Senators Introduce Bipartisan Bill to Grant Priority Refugee Status to Uyghurs Persecuted by CCP

April 13, 2021 Updated: April 14, 2021

Uyghurs fleeing persecution by the Chinese Communist Party (CCP) would get priority refugee status under a bipartisan proposal introduced by Sens. Marco Rubio (R-Fla.) and Chris Coons (D-Del.) on April 13.

The Uyghur Humans Rights Protection Act would make it easier for Uyghurs and members of other Turkic or Muslim minority groups to apply for resettlement. The measure also urges U.S. allies to adopt similar measures.

“As the CCP is committing egregious human rights violations, including genocide and crimes against humanity, urgent action is needed to end the atrocities and assist Uyghurs and others facing persecution in Xinjiang,” Rubio said in a statement.

“The United States must continue to speak out against the PRC’s human rights abuses in Xinjiang, and we must also provide assurance and protection for the Uyghurs and all those facing persecution as a result of their religious or ethnic identity,” Coons said in the statement. “To effectively compete with China, we must be the best version of ourselves, including by living our values and welcoming those who have been unjustly imprisoned in or forced to flee Xinjiang.”

On the last full day of the Trump administration, the State Department declared that the CCP’s persecution of the Uyghurs amounted to genocide.

“I believe this genocide is ongoing, and that we are witnessing the systematic attempt to destroy Uyghurs by the Chinese party-state,” then-Secretary of State Mike Pompeo said at the time.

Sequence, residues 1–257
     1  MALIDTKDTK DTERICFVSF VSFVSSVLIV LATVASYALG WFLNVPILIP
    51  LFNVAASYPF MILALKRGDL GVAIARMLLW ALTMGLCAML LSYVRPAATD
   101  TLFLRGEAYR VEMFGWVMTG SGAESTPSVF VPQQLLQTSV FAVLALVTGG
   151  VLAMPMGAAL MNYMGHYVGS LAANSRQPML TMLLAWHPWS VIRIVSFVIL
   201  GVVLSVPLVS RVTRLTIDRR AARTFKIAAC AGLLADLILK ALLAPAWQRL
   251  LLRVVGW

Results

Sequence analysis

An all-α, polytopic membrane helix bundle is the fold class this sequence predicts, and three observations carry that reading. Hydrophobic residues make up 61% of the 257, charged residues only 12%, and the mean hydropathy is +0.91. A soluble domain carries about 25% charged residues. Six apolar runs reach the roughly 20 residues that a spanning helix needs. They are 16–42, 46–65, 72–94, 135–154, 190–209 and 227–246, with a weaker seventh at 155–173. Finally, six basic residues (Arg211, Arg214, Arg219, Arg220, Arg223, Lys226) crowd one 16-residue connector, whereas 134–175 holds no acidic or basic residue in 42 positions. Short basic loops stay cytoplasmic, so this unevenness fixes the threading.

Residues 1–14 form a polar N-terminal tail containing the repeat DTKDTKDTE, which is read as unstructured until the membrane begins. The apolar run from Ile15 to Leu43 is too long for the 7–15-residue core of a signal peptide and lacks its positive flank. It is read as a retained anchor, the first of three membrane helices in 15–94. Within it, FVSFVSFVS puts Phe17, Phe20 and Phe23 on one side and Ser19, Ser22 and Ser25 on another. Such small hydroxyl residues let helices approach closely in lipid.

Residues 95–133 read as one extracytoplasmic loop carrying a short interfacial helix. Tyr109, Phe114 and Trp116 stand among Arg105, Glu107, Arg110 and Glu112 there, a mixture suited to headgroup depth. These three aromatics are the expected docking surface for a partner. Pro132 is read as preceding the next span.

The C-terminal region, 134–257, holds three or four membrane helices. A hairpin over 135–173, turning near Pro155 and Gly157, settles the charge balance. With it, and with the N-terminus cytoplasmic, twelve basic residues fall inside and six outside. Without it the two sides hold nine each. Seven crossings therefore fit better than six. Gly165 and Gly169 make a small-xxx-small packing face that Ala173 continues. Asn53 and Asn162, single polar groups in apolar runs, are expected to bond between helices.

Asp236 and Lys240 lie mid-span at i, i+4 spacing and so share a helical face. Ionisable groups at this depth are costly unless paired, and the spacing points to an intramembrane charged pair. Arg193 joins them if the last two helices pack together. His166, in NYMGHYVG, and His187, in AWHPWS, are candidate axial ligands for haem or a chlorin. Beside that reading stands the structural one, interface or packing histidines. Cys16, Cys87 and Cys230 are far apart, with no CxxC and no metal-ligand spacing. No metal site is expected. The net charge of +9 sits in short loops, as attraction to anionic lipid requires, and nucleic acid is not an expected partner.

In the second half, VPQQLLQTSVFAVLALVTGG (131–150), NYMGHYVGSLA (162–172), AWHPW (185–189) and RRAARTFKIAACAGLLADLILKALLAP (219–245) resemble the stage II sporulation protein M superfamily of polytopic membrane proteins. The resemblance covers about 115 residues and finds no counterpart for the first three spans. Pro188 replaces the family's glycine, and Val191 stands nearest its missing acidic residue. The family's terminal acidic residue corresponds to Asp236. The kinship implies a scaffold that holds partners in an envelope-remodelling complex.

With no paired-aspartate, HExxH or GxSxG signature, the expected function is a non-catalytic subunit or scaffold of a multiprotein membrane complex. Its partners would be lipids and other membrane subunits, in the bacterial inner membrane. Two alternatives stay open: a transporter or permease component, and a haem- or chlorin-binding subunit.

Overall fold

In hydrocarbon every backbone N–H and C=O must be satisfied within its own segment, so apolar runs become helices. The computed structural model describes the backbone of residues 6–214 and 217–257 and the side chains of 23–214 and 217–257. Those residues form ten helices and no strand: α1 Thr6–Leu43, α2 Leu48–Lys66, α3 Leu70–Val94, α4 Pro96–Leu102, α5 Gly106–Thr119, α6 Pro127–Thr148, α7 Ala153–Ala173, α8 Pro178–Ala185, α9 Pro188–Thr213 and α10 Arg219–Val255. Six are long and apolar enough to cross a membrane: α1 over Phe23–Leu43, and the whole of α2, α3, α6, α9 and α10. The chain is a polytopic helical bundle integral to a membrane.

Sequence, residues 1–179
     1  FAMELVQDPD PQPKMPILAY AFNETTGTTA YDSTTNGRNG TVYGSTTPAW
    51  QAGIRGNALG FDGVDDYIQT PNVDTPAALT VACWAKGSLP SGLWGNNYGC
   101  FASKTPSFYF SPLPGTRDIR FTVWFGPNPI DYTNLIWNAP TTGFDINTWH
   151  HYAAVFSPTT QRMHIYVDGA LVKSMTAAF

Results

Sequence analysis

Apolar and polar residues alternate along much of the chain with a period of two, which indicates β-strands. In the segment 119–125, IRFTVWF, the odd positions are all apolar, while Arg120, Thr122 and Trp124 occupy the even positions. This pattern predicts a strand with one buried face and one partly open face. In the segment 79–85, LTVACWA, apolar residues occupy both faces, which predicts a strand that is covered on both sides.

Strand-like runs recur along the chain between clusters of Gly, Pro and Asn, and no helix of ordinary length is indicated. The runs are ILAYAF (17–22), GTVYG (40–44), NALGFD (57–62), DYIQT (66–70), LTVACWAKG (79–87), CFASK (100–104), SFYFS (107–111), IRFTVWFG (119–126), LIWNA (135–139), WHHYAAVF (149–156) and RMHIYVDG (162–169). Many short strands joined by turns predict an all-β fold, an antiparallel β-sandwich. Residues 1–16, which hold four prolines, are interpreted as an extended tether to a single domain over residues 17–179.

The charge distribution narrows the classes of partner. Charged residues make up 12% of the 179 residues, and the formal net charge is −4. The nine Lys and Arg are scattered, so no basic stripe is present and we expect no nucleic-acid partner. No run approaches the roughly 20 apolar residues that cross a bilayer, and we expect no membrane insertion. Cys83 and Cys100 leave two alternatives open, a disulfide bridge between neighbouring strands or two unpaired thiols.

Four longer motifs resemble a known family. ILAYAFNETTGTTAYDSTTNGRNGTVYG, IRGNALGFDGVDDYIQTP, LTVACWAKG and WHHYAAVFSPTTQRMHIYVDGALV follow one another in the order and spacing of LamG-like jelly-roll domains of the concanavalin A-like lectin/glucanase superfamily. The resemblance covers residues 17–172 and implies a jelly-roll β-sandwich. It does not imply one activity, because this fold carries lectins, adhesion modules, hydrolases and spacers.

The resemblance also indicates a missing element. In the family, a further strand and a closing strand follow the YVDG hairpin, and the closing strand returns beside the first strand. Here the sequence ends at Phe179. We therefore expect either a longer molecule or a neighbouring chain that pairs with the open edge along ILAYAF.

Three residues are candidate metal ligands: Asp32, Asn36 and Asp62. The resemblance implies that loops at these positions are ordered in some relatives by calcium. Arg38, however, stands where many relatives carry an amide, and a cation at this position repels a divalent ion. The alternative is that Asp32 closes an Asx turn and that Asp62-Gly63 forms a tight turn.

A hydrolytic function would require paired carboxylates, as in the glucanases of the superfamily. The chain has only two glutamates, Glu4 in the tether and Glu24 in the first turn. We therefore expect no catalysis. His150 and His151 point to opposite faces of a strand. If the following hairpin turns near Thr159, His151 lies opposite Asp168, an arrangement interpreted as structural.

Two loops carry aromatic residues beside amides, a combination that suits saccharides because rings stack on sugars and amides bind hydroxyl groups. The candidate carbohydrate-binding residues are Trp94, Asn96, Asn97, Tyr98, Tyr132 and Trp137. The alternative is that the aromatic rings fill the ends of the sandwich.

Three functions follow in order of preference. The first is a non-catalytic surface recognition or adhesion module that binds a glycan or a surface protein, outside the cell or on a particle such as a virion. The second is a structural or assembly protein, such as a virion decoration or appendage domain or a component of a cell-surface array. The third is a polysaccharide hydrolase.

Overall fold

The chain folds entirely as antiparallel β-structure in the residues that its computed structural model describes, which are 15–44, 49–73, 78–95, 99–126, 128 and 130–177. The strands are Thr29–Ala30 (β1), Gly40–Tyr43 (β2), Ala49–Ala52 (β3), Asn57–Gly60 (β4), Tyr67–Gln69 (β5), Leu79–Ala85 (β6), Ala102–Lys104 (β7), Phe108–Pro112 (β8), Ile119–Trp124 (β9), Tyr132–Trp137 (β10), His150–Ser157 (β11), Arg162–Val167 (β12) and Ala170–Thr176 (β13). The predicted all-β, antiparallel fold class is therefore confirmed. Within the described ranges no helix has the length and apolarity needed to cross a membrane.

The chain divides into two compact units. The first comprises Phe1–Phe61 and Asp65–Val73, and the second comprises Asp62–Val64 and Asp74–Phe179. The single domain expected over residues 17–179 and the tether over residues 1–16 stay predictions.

Pompeo also determined that the CCP had committed crimes against humanity in Xinjiang, citing the Beijing regime’s detention of more than 1 million Muslims and authorities subjecting the population to forced labor, forced sterilization, and torture.

Last month, Coons and Rubio introduced a resolution condemning the CCP’s persecution of the Uyghurs. The two senators had also led the charge to urge Secretary of State Antony Blinken to take action to help the Uyghurs.

The proposal by Coons and Rubio follows a bipartisan U.S. House bill introduced in March that aims to stop the forced organ harvesting from prisoners of conscience in China.

The Stop Forced Organ Harvesting Act would authorize the U.S. government to deny or revoke passports for people who engage in the illegal purchase of organs. Coons served as the Senate co-sponsor for the bill, alongside Sen. Tom Cotton (R-Ark.)

In 2016, the House condemned the communist regime’s forced organ harvesting, citing research that found that practitioners of Falun Gong comprised the largest portion of prisoners of conscience in China.

Frank Fang and Cathy He contributed to this report.

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